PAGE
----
Clovelly Bay, our next destination, is one of my favorites. The beach itself is very small, but the narrow bay has a concrete ledge built along both sides for sunbathing and easier access into the bay. We bought ice cream and watched people jumping in and out of the water. My favorite sunbather was there with his newspaper, tanning his skin into a tough leathery hide.

When the waves are more aggressive, the ocean water rocks above and below the concrete platforms and the whole thing reminds me of a kid sliding in a giant bathtub. Clovelly Bay is also a fun place to snorkel.

Gordons Bay- a quiet stop on the Bondi to Coogee Walk: Sydney, Australia

Of all the sights along the walk, Gordons Bay is one of the quietest destinations. It attracts snorkelers, divers, paddle boarders and fishers. Its tiny patch of beach is mostly covered with overturned fishing boats and out in the bay is a 600 meter underwater trail marked with concrete drums and steel plaques.

Coogee Beach on a summer day: Sydney, Australia

Coogee Beach is the last stop on the walk and is the second largest beach after Bondi. From here the three of us headed for the unconventional yet thoroughly Australian pastime of lawn bowling. Like all bowling clubs in Sydney, you have to be a member to use the facility if you live within a certain distance from the club. If you live further out you just have to sign the membership register.

Barret at the Marrickville Lawn Bowling Club: Sydney, Australia

There was a busy bar, pokies in the back, and a table covered in meat trays for the weekly meat raffle. From the small, dark ‘Bowls Secretary’ office we picked up a bag of lawn bowls and headed outside. The grass was warm from the sunny day and most of the lawn bowling groups were off the side of the field drinking.

The weighted balls flew down the lawn as the tired sun set and after the girls were declared the incomparable winners, we headed over to a local pub for dinner. I don’t think we could have gotten more Australian if we tried. The Bondi to Bowling walk is not exactly well known, but I think I’m on to something here.

Marrickville Lawn Bowling Club

About: The Bondi to Coogee Walk

About: Bondi Baths

About: Scuba diving in Gordans Bay

How to get to the Marrickville Bowling Club: 91 Sydenham Road, Marrickville NSW 2204

ANZAC Day in Canberra: Week 163

Veteran placing a poppy on the Roll of Honour at the Australian War Memorial on ANZAC Day: Canberra, Australia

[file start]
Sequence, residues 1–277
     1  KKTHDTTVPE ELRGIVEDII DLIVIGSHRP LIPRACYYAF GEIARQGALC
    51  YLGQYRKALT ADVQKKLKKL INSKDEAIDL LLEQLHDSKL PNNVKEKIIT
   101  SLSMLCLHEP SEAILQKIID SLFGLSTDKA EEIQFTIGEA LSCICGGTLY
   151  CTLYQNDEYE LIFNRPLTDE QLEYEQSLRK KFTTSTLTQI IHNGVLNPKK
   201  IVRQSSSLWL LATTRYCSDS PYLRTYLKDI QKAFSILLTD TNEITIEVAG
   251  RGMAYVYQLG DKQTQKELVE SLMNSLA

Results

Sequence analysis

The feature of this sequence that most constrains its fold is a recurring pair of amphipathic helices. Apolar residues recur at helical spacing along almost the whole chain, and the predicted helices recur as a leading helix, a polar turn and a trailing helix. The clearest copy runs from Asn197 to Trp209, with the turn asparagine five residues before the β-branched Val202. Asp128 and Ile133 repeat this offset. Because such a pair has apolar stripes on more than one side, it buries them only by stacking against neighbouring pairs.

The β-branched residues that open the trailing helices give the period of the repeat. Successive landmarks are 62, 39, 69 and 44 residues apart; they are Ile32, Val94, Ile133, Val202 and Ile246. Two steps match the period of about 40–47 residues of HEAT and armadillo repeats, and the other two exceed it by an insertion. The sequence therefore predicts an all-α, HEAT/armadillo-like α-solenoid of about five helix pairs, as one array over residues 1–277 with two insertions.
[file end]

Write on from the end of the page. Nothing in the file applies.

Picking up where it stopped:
At this hour, on this day, ninety-nine years ago, the Australian and the New Zealand Army Corps, at Gallipoli, made immortal the name of ANZAC.

By 5:30 in the morning the crowd for the 99th anniversary of the ANZAC landing had swelled to 37,000 pairs of quietly shuffling feet. Although one could sense the size of the gathering, it was eerily silent. The squawk of cockatoos filled the pauses between odes and reveilles, their white feathers faintly illuminated in the night sky. The Duke and Duchess of Cambridge were fuzzy shadows outlined by the light of the moon.

When Chaplain Peter Willis began the Lord’s Prayer, a baritone rumble filled the outdoor amphitheater. The solemn ceremony ended before sunrise and people poured out as quickly and as quietly as they had arrived. Those who remained waited in line to place a poppy on the Tomb of the Unknown Soldier or on a series of tablets with the names of fallen soldiers called the Roll of Honour.

By 8am the Olims Hotel was filled with military personnel and civilians with inherited war medallions on their jackets. Barret and I hadn’t slept well in the YHA dorm the night before, so we bypassed the free-flowing beer (some places started serving beer at 4am) in favor of coffee and a shotgun breakfast- eggs, toast, tomatoes and sausage.

I was about to fall asleep in the warmth of the room when I saw a veteran sitting alone with the morning light striking the side of his face. I went over to take his photo.

ANZAC Day gunfire breakfast at Olims: Canberra, Australia

Ken was from Rhodesia (present day Zimbabwe) and had fought in the SAS for 12 years during the Rhodesian Bush War- a civil war which led to the Zimbabwean independence and the election of Mugabe in 1980.

Ken was part of the estimated 60% of the white population that emigrated after the close of the war. Because his bank account had been frozen, he only had $100 when he arrived in Australia. During his first four years he worked three jobs. His fortunes changed though and now he is building a new house in Kiama.

The only time Ken’s accent was noticeable was when he was in agreement. “A reindeer-pulled sled ride? Your vacation in Norway sounds amazing. ” “Oh jaaaa!”

A quiet suburb in Canberra, Australia